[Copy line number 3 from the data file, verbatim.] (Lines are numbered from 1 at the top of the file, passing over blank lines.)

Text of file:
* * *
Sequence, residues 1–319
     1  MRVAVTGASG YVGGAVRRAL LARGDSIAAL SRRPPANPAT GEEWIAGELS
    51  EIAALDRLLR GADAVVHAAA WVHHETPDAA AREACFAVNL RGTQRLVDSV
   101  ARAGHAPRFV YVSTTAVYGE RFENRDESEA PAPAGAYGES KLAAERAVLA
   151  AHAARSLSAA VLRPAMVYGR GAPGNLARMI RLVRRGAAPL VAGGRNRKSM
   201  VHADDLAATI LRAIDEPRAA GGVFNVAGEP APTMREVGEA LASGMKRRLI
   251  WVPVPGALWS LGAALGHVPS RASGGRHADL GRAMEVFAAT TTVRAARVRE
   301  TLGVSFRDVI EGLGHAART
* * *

    51  EIAALDRLLR GADAVVHAAA WVHHETPDAA AREACFAVNL RGTQRLVDSV